An apple a day keeps constipation away! Apples contain both soluble and insoluble fiber, and a medium sized fruit with the skin on boasts about 4.5 grams. The type of fiber in apples is called pectin which gets fermented rapidly in the gut and forms short-chain fatty acids that boost production of good gut bacteria and help pull water into the stool. Studies have shown that pectin fiber actually accelerates the rate at which stool moves through the intestines.
There are a number of reasons to add more leafies to your diet, and one of them is warding off constipation. Leafy greens like spinach and kale contain high amounts of fiber. For example, a cup of cooked spinach has about five grams of fiber packed into it. On top of that, leafy greens boast high amounts of other nutrients like vitamin A and C, so they’re always a great addition to a health diet. Add cooked greens into recipes like omelettes, frittatas, soups, and stews.
Tiny green kiwi fruits may not be on your typical grocery list, but you may want to start adding them on. One kiwi has about 2.5 grams of fiber, as well as an enzyme called actinidain which is thought to have positive effects on gut motility, increasing the frequency of bowel movements and speeding up colonic transit times. You can eat kiwis on their own, or cut them up and throw them into fruit salads!
In addition to about five grams of fiber per fruit, mangoes contain powerful digestive enzymes called amylases that have shown to improve digestive conditions like constipation and diarrhea.
Pulses like beans, lentils, and peas are all packed with gut-boosting fiber. For instance, just a half cup of cooked lentils contains nine grams of fiber, while a cup of cooked black beans contains a whopping 15 grams! Beans, lentils, and peas also contain high amounts of other important nutrients like folate, iron, and B vitamins. You won’t regret adding them to your diet!
Oats and Oat Bran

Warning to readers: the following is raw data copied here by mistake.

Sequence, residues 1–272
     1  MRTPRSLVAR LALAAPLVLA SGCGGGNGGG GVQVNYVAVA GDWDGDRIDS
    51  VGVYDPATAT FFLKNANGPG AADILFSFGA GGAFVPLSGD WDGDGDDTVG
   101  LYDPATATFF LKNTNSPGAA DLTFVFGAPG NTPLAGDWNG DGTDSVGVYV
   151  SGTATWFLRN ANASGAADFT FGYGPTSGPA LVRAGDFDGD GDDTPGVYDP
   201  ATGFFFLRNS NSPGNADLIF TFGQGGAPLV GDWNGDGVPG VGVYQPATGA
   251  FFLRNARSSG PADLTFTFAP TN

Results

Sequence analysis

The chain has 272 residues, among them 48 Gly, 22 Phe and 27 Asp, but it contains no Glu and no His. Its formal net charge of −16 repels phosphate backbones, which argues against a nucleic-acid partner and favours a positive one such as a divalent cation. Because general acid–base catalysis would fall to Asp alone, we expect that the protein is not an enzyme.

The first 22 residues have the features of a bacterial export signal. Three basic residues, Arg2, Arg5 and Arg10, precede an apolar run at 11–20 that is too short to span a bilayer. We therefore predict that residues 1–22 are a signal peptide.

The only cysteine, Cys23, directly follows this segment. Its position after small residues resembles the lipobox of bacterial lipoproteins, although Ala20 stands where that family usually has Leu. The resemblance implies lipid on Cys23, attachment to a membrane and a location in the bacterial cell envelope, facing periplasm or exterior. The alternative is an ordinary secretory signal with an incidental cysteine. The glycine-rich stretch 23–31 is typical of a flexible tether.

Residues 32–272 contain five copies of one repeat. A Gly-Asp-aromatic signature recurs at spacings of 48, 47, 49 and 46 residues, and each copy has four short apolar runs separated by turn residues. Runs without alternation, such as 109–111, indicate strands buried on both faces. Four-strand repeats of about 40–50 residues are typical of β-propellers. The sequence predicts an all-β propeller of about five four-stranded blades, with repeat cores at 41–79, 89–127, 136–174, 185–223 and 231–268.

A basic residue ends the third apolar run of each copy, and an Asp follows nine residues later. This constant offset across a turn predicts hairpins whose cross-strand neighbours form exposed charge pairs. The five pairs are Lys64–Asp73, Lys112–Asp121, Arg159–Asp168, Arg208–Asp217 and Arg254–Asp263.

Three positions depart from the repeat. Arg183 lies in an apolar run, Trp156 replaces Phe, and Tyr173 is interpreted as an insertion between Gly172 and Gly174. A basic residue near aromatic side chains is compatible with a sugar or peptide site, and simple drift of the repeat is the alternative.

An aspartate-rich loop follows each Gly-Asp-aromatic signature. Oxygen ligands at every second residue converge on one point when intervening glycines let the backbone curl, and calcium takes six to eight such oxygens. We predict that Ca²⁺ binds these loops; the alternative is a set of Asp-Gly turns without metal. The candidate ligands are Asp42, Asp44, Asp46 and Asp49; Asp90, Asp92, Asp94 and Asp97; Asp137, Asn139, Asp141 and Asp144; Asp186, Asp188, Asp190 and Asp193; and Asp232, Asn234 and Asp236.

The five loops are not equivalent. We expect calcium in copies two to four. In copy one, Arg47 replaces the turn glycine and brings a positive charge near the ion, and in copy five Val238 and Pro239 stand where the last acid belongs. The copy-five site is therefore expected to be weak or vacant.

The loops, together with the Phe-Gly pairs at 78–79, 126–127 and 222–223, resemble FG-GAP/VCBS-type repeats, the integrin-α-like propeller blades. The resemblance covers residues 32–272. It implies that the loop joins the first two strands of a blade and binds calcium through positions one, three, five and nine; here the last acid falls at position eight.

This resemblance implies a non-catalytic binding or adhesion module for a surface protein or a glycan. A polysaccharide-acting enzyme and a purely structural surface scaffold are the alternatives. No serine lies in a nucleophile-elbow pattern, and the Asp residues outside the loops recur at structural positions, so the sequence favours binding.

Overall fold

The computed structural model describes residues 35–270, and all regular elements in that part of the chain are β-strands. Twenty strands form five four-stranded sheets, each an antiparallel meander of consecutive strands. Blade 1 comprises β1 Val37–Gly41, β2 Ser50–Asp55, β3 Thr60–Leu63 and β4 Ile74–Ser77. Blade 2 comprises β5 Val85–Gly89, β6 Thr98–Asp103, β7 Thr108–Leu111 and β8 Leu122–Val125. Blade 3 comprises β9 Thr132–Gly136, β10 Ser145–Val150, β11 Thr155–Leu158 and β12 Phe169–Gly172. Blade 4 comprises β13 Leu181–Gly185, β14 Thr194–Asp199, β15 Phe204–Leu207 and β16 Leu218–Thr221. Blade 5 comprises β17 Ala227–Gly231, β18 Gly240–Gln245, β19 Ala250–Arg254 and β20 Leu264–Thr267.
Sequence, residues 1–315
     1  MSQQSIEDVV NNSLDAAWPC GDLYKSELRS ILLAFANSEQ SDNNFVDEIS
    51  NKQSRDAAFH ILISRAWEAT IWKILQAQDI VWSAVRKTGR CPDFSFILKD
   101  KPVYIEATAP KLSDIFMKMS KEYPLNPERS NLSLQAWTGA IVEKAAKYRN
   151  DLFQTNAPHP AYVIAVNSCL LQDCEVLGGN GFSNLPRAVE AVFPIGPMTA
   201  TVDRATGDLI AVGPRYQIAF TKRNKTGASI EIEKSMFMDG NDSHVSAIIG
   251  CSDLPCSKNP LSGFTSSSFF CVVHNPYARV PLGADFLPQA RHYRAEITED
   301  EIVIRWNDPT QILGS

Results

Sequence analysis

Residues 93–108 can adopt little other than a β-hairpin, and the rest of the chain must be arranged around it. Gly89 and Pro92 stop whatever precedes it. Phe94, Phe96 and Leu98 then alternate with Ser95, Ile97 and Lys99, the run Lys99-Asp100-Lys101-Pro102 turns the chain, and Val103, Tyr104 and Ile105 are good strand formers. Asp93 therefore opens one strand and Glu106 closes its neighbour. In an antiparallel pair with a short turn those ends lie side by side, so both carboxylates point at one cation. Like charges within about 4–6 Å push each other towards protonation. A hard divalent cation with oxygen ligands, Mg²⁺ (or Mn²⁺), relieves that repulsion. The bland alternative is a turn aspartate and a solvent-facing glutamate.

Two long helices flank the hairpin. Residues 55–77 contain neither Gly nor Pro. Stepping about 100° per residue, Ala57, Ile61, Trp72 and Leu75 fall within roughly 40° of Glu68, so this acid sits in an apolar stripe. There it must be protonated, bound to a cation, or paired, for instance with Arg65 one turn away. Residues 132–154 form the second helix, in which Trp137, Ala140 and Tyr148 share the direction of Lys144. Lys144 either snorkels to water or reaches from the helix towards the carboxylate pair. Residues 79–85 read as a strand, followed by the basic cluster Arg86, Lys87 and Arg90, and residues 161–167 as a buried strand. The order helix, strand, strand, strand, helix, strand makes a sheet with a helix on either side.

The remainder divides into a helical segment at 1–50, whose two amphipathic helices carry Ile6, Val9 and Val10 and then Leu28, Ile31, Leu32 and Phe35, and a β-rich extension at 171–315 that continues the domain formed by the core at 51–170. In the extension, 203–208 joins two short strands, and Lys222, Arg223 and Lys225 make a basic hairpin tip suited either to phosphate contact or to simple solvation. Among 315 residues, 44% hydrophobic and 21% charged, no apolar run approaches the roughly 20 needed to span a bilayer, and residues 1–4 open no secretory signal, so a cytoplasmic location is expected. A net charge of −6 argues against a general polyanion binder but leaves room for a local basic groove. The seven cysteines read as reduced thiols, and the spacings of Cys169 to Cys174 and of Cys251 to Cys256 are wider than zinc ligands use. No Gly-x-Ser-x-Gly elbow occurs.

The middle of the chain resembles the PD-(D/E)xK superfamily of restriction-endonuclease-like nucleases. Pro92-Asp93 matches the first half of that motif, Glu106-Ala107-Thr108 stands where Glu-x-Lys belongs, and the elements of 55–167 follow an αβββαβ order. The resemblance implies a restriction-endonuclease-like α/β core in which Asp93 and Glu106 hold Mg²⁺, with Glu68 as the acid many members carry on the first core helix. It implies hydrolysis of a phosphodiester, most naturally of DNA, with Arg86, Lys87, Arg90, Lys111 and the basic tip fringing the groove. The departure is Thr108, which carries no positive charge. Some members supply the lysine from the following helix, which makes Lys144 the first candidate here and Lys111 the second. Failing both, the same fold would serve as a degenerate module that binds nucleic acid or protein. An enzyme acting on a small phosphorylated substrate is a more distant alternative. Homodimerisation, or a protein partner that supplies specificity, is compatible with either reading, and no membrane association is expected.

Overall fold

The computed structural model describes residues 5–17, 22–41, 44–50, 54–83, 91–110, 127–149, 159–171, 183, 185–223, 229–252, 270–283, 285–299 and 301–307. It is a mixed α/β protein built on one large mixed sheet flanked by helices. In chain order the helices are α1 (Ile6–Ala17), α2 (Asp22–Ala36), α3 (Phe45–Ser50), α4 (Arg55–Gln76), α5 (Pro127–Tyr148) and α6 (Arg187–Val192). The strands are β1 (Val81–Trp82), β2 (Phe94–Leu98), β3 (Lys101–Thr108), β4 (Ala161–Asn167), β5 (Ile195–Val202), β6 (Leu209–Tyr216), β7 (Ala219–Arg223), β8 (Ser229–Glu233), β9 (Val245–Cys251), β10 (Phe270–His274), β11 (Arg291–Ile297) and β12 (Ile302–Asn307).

Whole grain foods like oats and oat bran also tend to have high amounts of fiber. For example, 1/3 cup of oat bran contains about five grams of fiber while a half cup of cooked rolled oats contains about 10 grams. Oats also contain antioxidants which fight oxidative damage in the body, helping to reduce your risk of sickness and disease. A bowl of oatmeal can be added to your diet as a delicious breakfast option, while oat bran can be added to bread or muffin recipes, or eaten atop granola.
Yogurt and Kefir
Yogurt and kefir are two foods that contain probiotic bacteria and are said to improve digestive health. Specifically, probiotic strains like Bifidobacteria and Lactobacillus in yogurt have shown to improve stool quality and transit time. Other research has also demonstrated that drinking kefir, a fermented milk drink, also improved stool quality and frequency, resulting in less use of stimulant laxatives in adults with constipation.
When it comes to yogurt, look for varieties that have “live active cultures” on the label, and aim for a serving a day. Greek yogurt tends to fall into this category. In the study mentioned, a glass of kefir was consumed after morning and evening meals. You can also try adding it to smoothies!
There you have it. These foods for constipation will not only help your tummy feel better, but they’re likely to gift you with better overall health. Here’s to a happy belly — and body!